No one who followed the 8th National Dialogue on radio, Rwanda Television and other mass communication channels could have failed to notice the keen interest in sustainable development from Rwandans of all walks of life.
The two day dialogue, which was presided over by President Paul Kagame, covered a wide range of national issues, from Health to Education, Agriculture to Investment, Diplomacy to Local Administration, Export Promotion to Mining etc, but what struck me most was the manner in which the debates were conducted.
In addition to the thousands of participants, who included members of the Diaspora from as Iceland, there was massive interaction from the public through phone-ins, SMS and emails.
Rwandans were treated to free and open debates bringing to the fore major issues of development but, in this column, I will dwell on governance, especially fighting corruption.
The Mayor of Nyabihu presented strategies adopted by his district council to fight corruption. It is worth noting that corruption is a major obstacle to development in many African countries, although it is not a preserve of the continent.
In the last one year the media has reported about politicians and top business persons losing their jobs or imprisoned for corruption. It is a human vice that has to be continually fought.
In her book “The Caged Virgin” the Somalia born woman, Ayaan Hirsi Ali who once served as a Netherlands parliamentarian wrote that in countries where the corruption is endemic “only a section of the population has access to public services through clan or tribe, and these people take advantage of the endemic corruption within the civil service and the business community”.
This observation, though based on the writer’s experience of another part of Africa is relevant to pre-1994 Rwanda where sons and daughters of the elite group were preferentially considered for admissions to secondary schools and higher institutions of learning, as well as in public service employment. Unlike today where admission of students to public academic institutions is based on the student’s academic performance, a son of burgomaster was assured a place in a school of his choice no matter his grades. How can we involve the masses in the fight against such practices?
Let us turn to Nyabihu district for the lessons on how to deal with the vice. The mayor reported strategies that involved people in the process of reducing corruption; A toll free telephone line was availed to district residents who are encouraged to call the mayor’s office to report corruption and other cases that hampered service delivery to the people. Another strategy is the establishment of a special commission that identified problems in all the sectors of his district and solved the problems on site.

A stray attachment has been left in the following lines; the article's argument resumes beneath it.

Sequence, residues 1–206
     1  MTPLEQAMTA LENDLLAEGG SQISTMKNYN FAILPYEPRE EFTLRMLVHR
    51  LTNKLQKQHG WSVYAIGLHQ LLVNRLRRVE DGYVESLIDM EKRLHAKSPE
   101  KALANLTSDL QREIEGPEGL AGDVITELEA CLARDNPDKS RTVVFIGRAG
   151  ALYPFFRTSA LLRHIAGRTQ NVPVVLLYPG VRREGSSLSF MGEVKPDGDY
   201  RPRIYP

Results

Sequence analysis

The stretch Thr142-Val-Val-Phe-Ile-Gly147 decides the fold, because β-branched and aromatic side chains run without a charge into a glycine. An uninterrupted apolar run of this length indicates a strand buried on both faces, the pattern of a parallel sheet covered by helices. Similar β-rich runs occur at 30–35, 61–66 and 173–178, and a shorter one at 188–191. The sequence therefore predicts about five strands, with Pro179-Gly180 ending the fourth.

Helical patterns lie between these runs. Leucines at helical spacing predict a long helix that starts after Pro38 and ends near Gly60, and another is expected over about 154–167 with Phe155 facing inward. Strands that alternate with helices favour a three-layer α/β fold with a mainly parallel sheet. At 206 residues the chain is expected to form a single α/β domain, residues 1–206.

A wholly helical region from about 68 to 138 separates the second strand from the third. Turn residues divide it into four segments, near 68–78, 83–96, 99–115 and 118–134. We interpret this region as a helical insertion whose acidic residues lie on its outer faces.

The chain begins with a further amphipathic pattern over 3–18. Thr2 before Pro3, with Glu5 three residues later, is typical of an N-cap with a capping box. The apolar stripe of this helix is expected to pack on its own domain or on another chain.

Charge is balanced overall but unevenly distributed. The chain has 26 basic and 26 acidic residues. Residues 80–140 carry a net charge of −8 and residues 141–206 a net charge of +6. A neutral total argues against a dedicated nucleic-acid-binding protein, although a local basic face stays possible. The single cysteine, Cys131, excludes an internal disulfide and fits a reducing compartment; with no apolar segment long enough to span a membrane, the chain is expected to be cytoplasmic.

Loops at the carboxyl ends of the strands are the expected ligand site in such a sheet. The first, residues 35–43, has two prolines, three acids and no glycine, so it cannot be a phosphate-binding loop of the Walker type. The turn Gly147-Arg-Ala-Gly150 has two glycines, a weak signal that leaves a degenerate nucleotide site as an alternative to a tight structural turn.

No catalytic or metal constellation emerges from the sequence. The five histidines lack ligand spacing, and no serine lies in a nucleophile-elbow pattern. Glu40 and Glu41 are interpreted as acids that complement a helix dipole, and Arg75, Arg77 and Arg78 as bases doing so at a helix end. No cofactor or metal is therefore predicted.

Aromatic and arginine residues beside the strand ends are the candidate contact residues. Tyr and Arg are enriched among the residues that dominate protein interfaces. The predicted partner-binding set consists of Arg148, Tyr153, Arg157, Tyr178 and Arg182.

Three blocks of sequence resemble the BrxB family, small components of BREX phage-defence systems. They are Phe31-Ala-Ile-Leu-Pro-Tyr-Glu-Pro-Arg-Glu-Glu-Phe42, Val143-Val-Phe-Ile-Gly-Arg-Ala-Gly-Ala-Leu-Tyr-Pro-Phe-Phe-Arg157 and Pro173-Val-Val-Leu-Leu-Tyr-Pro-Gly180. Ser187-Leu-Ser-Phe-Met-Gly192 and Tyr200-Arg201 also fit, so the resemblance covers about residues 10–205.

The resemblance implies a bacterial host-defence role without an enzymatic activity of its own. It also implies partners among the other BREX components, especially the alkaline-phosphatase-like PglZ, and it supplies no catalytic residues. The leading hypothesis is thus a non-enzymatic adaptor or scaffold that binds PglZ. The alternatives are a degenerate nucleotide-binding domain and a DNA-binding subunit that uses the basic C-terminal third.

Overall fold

The third and last is a senstization strategy, Ikiganiro Guca Ruswa or public talk show on how to eliminate corruption. This is an effective strategy as it addresses the problem of the knowledge gap that exists in all communities, but is often overlooked. It is easy to assume that all people know what is right or wrong or what we know; a perception that leads officials to misunderstand the people they lead and sometimes brand them rebellious.
It is important to keep educating the people about the dangers of negative practices and misguided ideologies and to involve them in the discussions with a view to finding collective solutions to local problems, like they do in Nyabihu District, for an informed population becomes vigilant if they are assured of support from the top.
That is perhaps why during the National Dialogue participants were able to direct complaints about nepotism and other forms of corruption to particular leaders and institutions in the presence of the President. Kagame’s style of leadership assures citizens of his support when they advance their concerns because of his clear stand on good governance practices. He often provides solutions to problems raised in public in a transparent manner and encourages people to be vigilant and bring their leaders to account.
Traditionally, Rwanda was a strongly hierarchical society where authority was deeply respected and feared. The trend is changing slowly as a result of decentralization policy which entails devolution of authority which has led to wider participation of the masses and more demand for accountability from those in positions of leadership. However, this trend has to be reinforced by initiating programmes that narrow the gap between the leaders and the led.
Sometimes you find a person who has been wronged by a local administrator but is unwilling to report the matter to higher authorities even when they have been arbitrarily arrested or lost property as a result.
When leaders provide a forum like the Nyabihu commission, people will learn not to fear authority, will be aware of their rights and channels for their grievances and very importantly they will be vigilant. Dialogue at all levels should be encouraged.
It does not only provide leaders with crucial information about people’s needs and aspirations, but it also creates an environment where community members participate democratically in their own affairs and eases tensions and misunderstandings.